Neural cognitive control moderates the longitudinal link between hedonia and substance use across adolescence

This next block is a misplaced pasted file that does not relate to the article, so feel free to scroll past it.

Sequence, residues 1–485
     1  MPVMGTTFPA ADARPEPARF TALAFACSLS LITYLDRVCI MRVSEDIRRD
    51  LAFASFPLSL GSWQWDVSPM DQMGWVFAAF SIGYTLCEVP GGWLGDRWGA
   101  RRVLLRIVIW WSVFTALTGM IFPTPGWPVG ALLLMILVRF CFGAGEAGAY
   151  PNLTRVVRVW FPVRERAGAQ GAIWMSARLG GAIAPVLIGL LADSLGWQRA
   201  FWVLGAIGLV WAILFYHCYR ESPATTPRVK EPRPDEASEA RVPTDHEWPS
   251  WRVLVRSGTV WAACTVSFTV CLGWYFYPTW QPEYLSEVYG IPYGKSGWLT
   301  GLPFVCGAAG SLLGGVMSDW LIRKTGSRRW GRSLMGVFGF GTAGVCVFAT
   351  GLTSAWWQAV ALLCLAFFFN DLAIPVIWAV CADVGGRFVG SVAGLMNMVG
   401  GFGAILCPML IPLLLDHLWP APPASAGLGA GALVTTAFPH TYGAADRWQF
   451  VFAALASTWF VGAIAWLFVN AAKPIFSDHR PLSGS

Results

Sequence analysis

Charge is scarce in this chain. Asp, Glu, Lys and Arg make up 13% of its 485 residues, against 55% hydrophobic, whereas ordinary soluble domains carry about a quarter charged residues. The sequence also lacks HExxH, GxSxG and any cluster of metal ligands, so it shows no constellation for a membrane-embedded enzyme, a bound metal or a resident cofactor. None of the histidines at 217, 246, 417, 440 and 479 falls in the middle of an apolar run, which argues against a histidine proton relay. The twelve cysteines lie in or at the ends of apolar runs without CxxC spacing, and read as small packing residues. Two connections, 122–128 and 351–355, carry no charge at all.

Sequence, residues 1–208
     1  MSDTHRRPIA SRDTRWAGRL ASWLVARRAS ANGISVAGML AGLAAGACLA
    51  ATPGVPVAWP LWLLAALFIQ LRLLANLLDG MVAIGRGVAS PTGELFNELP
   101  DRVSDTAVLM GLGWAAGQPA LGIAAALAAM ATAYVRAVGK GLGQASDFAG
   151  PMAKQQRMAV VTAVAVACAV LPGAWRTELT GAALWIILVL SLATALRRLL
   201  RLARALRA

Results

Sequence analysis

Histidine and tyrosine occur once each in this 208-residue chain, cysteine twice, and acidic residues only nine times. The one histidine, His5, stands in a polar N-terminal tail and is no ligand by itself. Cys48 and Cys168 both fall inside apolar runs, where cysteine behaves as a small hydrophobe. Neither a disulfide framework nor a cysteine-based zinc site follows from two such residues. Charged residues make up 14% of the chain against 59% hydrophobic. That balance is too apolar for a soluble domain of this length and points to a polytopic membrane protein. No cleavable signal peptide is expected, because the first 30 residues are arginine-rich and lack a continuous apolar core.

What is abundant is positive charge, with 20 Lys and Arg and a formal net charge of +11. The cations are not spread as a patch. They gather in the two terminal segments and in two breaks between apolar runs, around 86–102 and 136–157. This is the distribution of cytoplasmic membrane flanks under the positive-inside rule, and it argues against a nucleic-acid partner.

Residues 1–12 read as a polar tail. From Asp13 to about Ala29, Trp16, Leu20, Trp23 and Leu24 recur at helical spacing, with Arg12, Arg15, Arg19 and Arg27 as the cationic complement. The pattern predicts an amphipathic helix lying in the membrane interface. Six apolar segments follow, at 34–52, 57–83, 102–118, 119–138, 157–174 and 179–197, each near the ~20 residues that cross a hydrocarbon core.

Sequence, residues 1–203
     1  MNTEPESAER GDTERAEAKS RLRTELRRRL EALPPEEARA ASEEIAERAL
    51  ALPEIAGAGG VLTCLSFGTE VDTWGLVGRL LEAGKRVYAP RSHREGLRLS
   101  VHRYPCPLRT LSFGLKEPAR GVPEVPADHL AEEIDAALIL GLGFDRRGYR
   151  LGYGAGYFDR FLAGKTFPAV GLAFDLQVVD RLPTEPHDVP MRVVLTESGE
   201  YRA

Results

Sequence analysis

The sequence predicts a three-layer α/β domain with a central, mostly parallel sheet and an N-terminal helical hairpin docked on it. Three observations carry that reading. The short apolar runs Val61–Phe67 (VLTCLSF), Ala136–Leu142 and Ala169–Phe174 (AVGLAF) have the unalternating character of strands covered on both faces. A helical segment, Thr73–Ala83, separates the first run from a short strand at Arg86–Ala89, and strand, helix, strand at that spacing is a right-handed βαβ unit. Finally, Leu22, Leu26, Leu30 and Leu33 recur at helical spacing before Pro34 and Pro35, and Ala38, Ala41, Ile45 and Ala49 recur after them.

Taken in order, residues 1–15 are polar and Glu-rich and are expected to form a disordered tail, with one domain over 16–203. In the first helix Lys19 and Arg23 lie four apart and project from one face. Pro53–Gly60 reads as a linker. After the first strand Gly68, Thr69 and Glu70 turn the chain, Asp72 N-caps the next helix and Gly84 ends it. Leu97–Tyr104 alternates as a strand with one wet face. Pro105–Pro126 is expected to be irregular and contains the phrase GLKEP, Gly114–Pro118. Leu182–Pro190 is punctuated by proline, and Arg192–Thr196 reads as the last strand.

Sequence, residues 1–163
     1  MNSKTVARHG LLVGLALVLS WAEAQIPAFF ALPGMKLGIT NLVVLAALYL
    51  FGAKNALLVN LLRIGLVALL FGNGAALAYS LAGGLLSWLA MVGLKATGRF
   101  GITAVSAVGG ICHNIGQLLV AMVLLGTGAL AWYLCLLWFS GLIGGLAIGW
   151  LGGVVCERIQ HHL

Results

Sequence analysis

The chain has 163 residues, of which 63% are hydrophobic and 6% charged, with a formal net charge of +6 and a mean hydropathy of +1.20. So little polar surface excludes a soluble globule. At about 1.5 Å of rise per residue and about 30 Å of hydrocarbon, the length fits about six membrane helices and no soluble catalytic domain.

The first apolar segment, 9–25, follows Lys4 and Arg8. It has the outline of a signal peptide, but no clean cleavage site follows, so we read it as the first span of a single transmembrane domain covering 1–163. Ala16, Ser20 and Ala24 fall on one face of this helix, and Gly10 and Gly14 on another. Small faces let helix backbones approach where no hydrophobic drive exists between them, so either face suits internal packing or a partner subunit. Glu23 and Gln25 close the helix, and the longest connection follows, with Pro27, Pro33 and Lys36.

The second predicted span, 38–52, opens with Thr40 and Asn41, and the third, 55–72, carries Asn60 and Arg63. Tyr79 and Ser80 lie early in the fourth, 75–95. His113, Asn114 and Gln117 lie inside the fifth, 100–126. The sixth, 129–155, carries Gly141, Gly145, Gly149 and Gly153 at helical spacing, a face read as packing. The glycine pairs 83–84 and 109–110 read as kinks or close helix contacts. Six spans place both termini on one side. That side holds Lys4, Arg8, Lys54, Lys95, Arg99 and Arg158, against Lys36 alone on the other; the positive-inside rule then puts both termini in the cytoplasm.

Hedonic dysregulation is evident in addiction and substance use disorders, but it is not clearly understood how hedonic processes may interact with brain development related to cognitive control to influence risky decision making and substance use during adolescence. The present study used prospective longitudinal data to clarify the role of cognitive control in the link between hedonic experiences and the development of substance use during adolescence. Participants included 167 adolescents (53% male) assessed at four time points, annually. Adolescents participated in a functional magnetic resonance imaging (fMRI) session where blood-oxygen level dependent (BOLD) response was monitored during the Multi-Source- Interference Task to assess cognitive control. Substance use and hedonia were assessed using self-report. A two-group growth curve model of substance use with hedonia as a time-varying covariate indicated that higher levels of hedonia predicted higher substance use, but only in adolescents with higher activation in the frontoparietal regions and in the rostral anterior cingulate cortex during cognitive control. Results elucidate the moderating effects of neural cognitive control on associations between hedonia and adolescent substance use, suggesting that lower cognitive control functioning in the brain may exacerbate risk for substance use promoted by hedonia.